Director John Ford shows off John Wayne, Maureen O'Hara and the Irish countryside to good effect in "The Quiet Man," a comedic romance on TCM at 6:30 p.m. on Friday, March 17 — St. Patrick's Day.
Director John Ford shows off John Wayne, Maureen O'Hara and the Irish countryside to good effect in "The Quiet Man," a comedic romance on TCM at 6:30 p.m. on Friday, March 17 — St. Patrick's Day.
NEW YORK (CNS) — Here are some television program and film notes for the week of March 12 with their TV Parental Guidelines ratings if available. They have not been reviewed and therefore are not necessarily recommended by Catholic News Service.

Sunday, March 12, 10:30 a.m. - noon PDT (EWTN) "In Concert: Magnificat in C Major." Tom Koopman conducts German composer Johann Kuhnau's Magnificat in C Major (TV-G — general audience).

Sunday, March 12, 1:35-4:34 p.m. PDT (AMC) "The Fugitive" (1993). Having escaped while being transported to the state pen, a Chicago surgeon (Harrison Ford) convicted of murdering his wife must evade the ever-tightening net of a relentless U.S. marshal (Tommy Lee Jones) while desperately tracking down the one-armed man (Andreas Katsulas) who actually killed her. Director Andrew Davis knits together a strong narrative, crackerjack performances and taut editing for a fine thriller not dependent on constant, glorified violence for mounting suspense. Brief, sporadic violence. The Catholic News Service classification of the theatrical version was A-II — adults and adolescents. The Motion Picture Association of America rating was PG-13 — parents strongly cautioned. Some material may be inappropriate for children under 13.

Sunday, March 12, 5-7 p.m. PDT (Lifetime) "Just Wright" (2010). This appealing, seamless blend of the best elements of both romantic comedy and inspirational sports films charts the triangular love story of a hardworking physical therapist (Queen Latifah), a professional basketball star (rapper Common) and the attractive but shallow material girl (Paula Patton) who is both her "godsister" and his fiancee. Director Sanaa Hamri and screenwriter Michael Elliot use the lightest of touches to create a warm, likable environment and convey a message about relationships founded on enduring values. Probably acceptable for more mature teens. A single use of rough language, an implied premarital encounter. The Catholic News Service classification of the theatrical version was A-II — adults and adolescents. The Motion Picture Association of America rating was PG — parental guidance suggested. Some material may not be suitable for children.

Wednesday, March 15, 7-8 p.m. PDT (EWTN) "Discovering Patrick: Saint of Ireland." Father Nathan Cromly, of the Community of St. John, and a group of Catholic pilgrims travel to Ireland to walk in the footsteps of St. Patrick while learning about his life, missionary zeal, and enduring legacy (TV-G — general audience).

Friday, March 17, 6:30-9 p.m. PDT (TCM) "The Quiet Man" (1952). When a retired Irish-American boxer (John Wayne) buys a plot of Irish land and courts a lovely colleen (Maureen O'Hara) to go with it, his stubborn bride insists he collect her dowry from her mean-spirited brother (Victor McLaglen). Director John Ford's grand celebration of all-too-familiar Irish stereotypes, ranging from a fondness for spirits to the love of a good fight, is delivered with much broad humor but the movie's universal appeal lies in the robust romance at the heart of the good-natured, old-fashioned story. Comic violence. The Catholic News Service classification of the theatrical version was A-II — adults and adolescents. Not rated by the Motion Picture Association of America.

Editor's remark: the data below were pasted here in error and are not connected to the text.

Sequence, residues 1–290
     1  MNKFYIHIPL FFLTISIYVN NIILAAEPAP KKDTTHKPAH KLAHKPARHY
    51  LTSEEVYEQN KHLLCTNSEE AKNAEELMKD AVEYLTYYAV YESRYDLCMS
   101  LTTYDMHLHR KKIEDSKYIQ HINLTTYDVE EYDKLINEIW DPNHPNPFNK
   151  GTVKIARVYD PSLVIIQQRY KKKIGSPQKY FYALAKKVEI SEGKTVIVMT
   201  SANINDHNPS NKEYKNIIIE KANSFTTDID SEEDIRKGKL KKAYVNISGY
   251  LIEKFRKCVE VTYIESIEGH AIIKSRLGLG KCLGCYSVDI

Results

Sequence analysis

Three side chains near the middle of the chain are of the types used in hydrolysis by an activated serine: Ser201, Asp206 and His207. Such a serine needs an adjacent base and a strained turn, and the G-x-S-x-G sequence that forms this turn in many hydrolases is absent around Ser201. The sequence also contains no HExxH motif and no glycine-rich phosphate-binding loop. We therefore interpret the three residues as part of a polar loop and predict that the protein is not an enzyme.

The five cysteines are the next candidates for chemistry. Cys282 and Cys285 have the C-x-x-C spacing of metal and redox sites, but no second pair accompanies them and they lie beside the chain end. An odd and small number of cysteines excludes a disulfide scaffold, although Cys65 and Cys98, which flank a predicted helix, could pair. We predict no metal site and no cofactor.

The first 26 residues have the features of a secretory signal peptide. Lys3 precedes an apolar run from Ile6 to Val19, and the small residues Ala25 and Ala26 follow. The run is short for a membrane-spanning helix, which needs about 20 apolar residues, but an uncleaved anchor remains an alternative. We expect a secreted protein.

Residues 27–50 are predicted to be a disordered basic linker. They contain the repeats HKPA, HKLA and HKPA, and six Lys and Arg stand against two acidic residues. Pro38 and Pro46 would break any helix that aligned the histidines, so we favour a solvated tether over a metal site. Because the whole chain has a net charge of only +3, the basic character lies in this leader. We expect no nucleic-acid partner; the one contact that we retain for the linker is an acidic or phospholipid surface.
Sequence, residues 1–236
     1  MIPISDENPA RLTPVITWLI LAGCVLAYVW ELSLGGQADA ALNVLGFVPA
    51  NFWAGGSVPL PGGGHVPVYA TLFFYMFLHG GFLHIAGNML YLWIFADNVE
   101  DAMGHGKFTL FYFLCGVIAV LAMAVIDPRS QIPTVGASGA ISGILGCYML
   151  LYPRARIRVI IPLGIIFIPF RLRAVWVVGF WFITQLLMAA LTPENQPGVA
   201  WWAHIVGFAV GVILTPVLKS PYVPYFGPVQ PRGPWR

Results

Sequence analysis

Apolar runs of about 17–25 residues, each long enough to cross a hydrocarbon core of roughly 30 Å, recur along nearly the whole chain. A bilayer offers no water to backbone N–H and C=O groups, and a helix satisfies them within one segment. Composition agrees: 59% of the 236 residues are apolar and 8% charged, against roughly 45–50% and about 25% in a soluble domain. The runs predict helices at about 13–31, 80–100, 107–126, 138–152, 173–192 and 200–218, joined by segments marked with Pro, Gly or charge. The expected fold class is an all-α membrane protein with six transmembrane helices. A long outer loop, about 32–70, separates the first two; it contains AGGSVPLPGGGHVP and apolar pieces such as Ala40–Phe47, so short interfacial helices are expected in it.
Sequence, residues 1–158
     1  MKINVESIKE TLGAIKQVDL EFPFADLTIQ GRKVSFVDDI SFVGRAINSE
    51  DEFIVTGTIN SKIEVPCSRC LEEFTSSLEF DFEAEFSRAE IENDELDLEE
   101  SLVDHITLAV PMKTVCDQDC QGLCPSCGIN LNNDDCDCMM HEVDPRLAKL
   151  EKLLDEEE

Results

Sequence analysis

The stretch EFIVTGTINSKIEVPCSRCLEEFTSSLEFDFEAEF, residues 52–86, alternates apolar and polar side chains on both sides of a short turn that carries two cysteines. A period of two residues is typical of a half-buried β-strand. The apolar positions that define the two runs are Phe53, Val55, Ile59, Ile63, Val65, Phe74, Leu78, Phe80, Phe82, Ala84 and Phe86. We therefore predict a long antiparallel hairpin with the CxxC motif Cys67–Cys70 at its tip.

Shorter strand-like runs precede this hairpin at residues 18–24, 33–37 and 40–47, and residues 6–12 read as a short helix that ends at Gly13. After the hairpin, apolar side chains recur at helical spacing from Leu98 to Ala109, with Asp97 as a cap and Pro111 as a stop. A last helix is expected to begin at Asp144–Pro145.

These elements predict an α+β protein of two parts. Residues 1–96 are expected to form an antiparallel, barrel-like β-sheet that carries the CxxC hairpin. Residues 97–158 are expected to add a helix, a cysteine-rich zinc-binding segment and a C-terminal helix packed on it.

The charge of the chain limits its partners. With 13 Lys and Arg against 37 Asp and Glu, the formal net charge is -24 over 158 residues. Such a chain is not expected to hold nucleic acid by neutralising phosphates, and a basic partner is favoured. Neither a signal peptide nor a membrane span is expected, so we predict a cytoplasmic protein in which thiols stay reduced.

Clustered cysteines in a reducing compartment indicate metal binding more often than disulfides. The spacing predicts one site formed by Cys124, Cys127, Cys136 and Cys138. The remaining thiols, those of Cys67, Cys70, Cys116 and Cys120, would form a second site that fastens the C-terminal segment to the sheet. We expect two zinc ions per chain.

Saturday, March 18, 3:15-5 p.m. PDT (TCM) "Five Million Years to Earth" (1968). Above-average British science fiction movie in which workers digging a London subway extension find skeletons and an indestructible spacecraft with a prehistoric secret that threatens the entire human race until a brave scientist (James Donald) discovers the origins and meaning of the craft. With good acting, dialogue and special effects, director Roy Ward Baker's unpretentious effort sustains interest and an air of plausibility. Mild violence. The Catholic News Service classification of the theatrical version was A-II — adults and adolescents. Not rated by the Motion Picture Association of America.

Saturday, March 18, 8-9:45 p.m. PDT (HBO) "Ice Age: Collision Course" (2016). Weak fifth installment in the animated franchise for children finds the good-hearted but overprotective father (voice of Ray Romano) of a family of wooly mammoths leading his levelheaded wife (voice of Queen Latifah), sunny daughter (voiced by Keke Palmer) and soon-to-be son-in-law (voice of Adam Devine) on an unlikely quest: They're out to use magnetic rocks to divert a giant asteroid that's headed for a potentially cataclysmic collision with the Earth. Their guide on the journey is an eccentric, British-accented weasel (voice of Simon Pegg). Directed by Michael Thurmeier and Galen Tan Chu, the scattershot proceedings also take in the outer-space adventures of an acorn-obsessed squirrel and a lonely sloth's (voice of John Leguizamo) search for love. While the slapstick comedy around which the shaky plot is built is aimed at kids, some of the vocabulary and humor is inappropriate for them. Parents may also be concerned by a vaguely anti-religious undertone that seems to exalt science at the expense of faith. Occasional peril, mildly scatological and anatomical humor, a single crass term. The Catholic News Service classification of the theatrical version was A-II — adults and adolescents. The Motion Picture Association of America rating was PG — parental guidance suggested. Some material may not be suitable for children.